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5 Written questions

5 Matching questions

  1. Chiasmus
  2. Anaphora
  3. Voice
  4. Irony
  5. Anecdote
  1. a Arrangement of repeated thoughts in the pattern of X Y Y X. It is often short and summarizes a main idea.
  2. b can refer to two different areas of writing. One refers to the relationship between a sentence's subject and verb (active and passive). The second refers to the total "sound" of the writer's style.
  3. c A story or brief episode told by the writer or a character to illustrate a point.
  4. d repetition of a word, phrase, or clause at the beginning of two or more sentences in a row. This is a deliberate form of repetition and helps make the writer's point more coherent.
  5. e The contrast between what is stated explicitly and what is really meant. The difference between what appears to be and what actually is true.

5 Multiple choice questions

  1. In literature, the perspective from which a story is told.
  2. refers to the grammatical or rhetorical framing of words, phrases, sentences, or paragraphs to give structural similarity.
  3. a critical approach that debunks single definitions of meaning based on the instability of language. It "is not a dismantling of a structure of a text, but a demonstration that it has already dismantled itself."
  4. the relationship an author has toward his or her subject, and/or his or her audience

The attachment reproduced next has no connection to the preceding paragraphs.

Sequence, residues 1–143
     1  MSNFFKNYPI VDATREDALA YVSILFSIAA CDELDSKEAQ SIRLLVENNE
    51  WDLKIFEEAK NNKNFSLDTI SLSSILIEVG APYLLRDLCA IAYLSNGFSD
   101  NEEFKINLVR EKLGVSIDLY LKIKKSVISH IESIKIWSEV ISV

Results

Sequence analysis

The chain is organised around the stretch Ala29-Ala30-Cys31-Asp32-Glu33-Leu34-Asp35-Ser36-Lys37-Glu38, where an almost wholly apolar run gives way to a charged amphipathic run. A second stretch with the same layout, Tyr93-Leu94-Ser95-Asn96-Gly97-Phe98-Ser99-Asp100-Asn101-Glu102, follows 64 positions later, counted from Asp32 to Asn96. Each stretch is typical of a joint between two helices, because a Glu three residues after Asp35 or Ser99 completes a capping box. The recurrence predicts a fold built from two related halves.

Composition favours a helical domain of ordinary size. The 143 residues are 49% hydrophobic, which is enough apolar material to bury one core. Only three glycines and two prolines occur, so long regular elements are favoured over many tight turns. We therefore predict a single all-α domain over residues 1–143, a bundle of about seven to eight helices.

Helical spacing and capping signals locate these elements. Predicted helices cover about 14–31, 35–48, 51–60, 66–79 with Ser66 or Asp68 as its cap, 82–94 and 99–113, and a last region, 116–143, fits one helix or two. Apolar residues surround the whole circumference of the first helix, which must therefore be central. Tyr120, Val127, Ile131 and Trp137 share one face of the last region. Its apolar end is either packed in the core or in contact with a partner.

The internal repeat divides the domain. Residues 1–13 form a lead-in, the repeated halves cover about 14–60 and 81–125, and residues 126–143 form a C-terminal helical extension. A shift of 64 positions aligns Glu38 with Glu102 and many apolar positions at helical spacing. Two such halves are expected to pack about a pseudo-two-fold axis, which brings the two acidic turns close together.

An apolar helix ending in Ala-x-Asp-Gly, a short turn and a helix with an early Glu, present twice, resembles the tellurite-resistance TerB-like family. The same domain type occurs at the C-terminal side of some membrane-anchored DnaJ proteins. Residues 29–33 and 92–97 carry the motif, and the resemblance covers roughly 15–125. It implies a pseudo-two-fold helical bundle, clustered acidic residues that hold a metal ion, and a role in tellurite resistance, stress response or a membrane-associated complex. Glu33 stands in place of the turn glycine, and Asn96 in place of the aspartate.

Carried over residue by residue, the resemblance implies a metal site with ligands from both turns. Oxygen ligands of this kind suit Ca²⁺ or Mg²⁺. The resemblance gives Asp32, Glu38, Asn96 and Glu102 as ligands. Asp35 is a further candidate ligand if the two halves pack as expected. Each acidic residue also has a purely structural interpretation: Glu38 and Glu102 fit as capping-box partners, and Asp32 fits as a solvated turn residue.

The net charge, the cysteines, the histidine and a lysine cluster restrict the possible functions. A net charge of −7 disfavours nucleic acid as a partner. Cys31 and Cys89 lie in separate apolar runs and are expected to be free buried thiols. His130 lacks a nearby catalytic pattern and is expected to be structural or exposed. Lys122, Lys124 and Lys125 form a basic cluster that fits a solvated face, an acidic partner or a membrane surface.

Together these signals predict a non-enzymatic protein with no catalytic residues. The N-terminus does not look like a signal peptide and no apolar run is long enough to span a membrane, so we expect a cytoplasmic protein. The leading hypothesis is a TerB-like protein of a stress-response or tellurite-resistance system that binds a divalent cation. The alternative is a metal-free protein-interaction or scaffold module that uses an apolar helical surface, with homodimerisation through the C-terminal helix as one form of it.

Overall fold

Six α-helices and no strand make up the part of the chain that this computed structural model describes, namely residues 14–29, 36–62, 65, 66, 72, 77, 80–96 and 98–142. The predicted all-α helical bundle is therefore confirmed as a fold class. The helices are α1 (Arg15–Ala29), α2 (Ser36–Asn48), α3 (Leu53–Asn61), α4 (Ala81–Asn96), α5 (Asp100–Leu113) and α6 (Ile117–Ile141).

5. a more acceptable and usually more pleasant way of saying something that might be inappropriate or uncomfortable. "He went to his final reward" is a common __ for "he died." They are also used to obscure the reality of the situation.

5 True/False questions

  1. CumulativeThe telling of a story or an account of an event or series of events.

          

  2. HyperboleA story or brief episode told by the writer or a character to illustrate a point.

          

  3. Characterthe recreation of regional spoken language, such as a Southern one. Hurston uses this in Their Eyes Were Watching God.

          

  4. Antecedentthe presentation of two contrasting images. The ideas are balanced by phrase, clause, or paragraphs. "To be or not to be . . ." "It was the best of times; it was the worst of times . . ." "Ask not what your country can do for you, ask what you can do for your country . . ."

          

  5. Stream-of-consciousnessThe flexible term describes the variety, the conventions, and the purposes of the major kinds of writing.